How committed are you to yourself, and to living a long healthy life? How committed are you to maintaining your personal independence and staying self-reliant for the rest of your life? Those are some questions you should be asking yourself as you start to get older.
Commitment is not the same as a “resolution” as in New Year’s Resolution. How do those usually work out? Commitment is a burning desire and intent, followed by continual execution with no excuses or BS.
“There is a difference between interest and commitment. When you are interested in doing something, you do it only when circumstances permit. When you are committed to something, you accept no excuses, only results.” — Unknown.
Most people are perfectly aware of what they need to do. Pretty much anyone who is awake knows that they should be moving their bodies, eating healthy foods and getting plenty of rest and sleep. And not for just a few days — how about forever.
In their book, Younger Next Year, authors Chris Crowley and the late Dr. Harry Lodge listed a few rules for this. They called them, Harry’s Rules. There are seven of them. Here are four:
- Exercise six days a week for the rest of your life.
- Do serious aerobic exercise four days a week for the rest of your life.
- Do serious strength training, with weights, two days a week for the rest of your life.
- Quit eating crap!
That’s quite a commitment. It’s probably more than you need, but you should commit to doing something along those lines if you want to continue to stay upright and independent.
There are too many excuses and you’ve heard them all before: Not enough time. Too old. I’ll start later. I just can’t make myself do it. And a thousand others.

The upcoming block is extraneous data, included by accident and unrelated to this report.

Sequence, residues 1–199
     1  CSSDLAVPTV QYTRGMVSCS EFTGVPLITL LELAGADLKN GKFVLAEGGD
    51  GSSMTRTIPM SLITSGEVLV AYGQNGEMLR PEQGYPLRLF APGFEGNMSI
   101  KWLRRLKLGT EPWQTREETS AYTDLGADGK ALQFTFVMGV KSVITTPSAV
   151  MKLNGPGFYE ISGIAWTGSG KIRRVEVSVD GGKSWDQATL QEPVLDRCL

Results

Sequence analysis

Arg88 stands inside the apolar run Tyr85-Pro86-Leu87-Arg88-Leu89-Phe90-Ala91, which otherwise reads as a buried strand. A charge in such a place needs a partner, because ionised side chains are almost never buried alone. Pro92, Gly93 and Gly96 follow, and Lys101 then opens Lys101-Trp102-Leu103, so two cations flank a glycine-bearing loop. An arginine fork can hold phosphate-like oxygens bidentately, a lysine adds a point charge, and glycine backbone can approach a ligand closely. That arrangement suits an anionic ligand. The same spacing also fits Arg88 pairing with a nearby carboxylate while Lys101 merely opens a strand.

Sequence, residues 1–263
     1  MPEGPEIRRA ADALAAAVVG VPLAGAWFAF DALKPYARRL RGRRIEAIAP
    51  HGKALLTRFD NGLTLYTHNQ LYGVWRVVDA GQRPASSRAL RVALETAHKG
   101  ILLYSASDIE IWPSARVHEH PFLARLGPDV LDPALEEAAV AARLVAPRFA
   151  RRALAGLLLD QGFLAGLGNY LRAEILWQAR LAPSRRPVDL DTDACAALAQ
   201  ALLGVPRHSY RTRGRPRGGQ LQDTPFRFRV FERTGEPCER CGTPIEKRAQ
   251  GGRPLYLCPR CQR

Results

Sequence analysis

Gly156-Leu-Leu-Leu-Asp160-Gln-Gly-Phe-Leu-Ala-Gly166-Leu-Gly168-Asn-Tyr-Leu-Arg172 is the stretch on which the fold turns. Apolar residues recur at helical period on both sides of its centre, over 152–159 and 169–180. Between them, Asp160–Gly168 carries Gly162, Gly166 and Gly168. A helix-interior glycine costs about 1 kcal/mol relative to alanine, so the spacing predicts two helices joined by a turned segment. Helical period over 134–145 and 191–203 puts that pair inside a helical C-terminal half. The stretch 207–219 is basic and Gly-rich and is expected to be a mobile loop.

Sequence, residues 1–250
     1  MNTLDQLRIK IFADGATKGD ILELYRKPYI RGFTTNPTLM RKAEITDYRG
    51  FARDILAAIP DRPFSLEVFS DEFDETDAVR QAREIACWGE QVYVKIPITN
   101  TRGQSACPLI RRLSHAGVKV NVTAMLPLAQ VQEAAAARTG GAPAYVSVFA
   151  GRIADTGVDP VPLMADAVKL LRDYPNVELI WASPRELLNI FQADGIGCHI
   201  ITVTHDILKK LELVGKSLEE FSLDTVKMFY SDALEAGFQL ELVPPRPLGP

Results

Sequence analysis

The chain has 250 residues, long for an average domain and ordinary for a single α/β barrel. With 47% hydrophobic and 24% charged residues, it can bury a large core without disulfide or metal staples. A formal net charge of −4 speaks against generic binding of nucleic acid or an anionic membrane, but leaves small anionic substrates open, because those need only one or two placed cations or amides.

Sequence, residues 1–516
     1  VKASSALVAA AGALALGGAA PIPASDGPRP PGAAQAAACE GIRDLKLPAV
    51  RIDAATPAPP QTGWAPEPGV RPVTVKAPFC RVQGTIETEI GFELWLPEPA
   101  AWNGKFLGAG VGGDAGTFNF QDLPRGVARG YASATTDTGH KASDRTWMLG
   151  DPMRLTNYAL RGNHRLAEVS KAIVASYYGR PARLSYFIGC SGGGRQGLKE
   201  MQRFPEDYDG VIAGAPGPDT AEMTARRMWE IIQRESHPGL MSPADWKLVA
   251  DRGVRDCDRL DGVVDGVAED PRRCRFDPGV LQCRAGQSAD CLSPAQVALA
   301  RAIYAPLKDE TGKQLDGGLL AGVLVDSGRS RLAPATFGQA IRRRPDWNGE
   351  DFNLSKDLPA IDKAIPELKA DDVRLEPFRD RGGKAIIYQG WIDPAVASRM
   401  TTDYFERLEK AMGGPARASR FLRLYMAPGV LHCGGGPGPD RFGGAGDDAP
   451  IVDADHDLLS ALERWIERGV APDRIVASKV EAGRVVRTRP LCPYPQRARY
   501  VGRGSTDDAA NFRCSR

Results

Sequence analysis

But there is no real excuse. You either make a commitment to yourself — or you don’t.
How to commit? Decide what you want. Visualize how you want to look, feel and be. Include an emotional component in that visualization so that you feel it internally, as well as see it. Set a goal for yourself. Turn that goal into an positive affirmation and write it down. Make a plan how to get there. EXECUTE THE PLAN and don’t look back. No excuses
I exercise between 50 minutes to an hour most mornings. I made that commitment to myself almost eight years ago. I’ve kept it. Why? I want to feel good and be healthy, fit and independent the rest of my life. I keep a record of my exercises. I think that helps me with the discipline. I don’t like to see empty pages in the log book. I even exercise in hotel rooms. You don’t need to be quite as obsessed about it as I am.
Besides, I can’t write a blog, speak about it and do workshops on the subject without doing it myself.
The same with food. Everyone who opens their eyes in the morning knows what they should not be stuffing in their mouth. But that doesn’t seem to make a difference. We have a lot of overweight and unhealthy eaters in our midst. It’s an individual matter of personal responsibility. It’s a function of your own attitude and yes, self-discipline (dare I use that word?). There are about ten zillion eating plans (diets) to choose from. The best ones tell you to stay away from sugar and processed foods, and eat plenty of fruits and vegetables. That’s the one I adhere to. It works for me.
Commit to it. Don’t let anything stop you from sticking with healthy eating. Make a menu on Sunday night and pretty well stick with it during the week. You don’t have to wrangle over what to eat each night. It’s pretty easy to commit to that.
I’ll add this. Commitment is internal. Commitment is personal. You can commit to someone else that you will execute, but that doesn’t mean much if you don’t make a real commitment to yourself.
“Until one is committed, there is hesitancy, the chance to draw back, always ineffectiveness. Concerning all acts of initiative and creation, there is one elementary truth the ignorance of which kills countless ideas and splendid plans: that the moment one definitely commits oneself, then providence moves too. All sorts of things occur to help one that would never otherwise have occurred. A whole stream of events issues from the decision, raising in one’s favor all manner of unforeseen incidents, meetings and material assistance which no man could have dreamed would have come his way. Whatever you can do or dream you can, begin it. Boldness has genius, power and magic in it. Begin it now.” — Johann Wolfgang von Goethe
Begin now — today. Make good health, fitness and personal energy a personal priority and an ongoing reality. Commit to it.
Thank you for reading.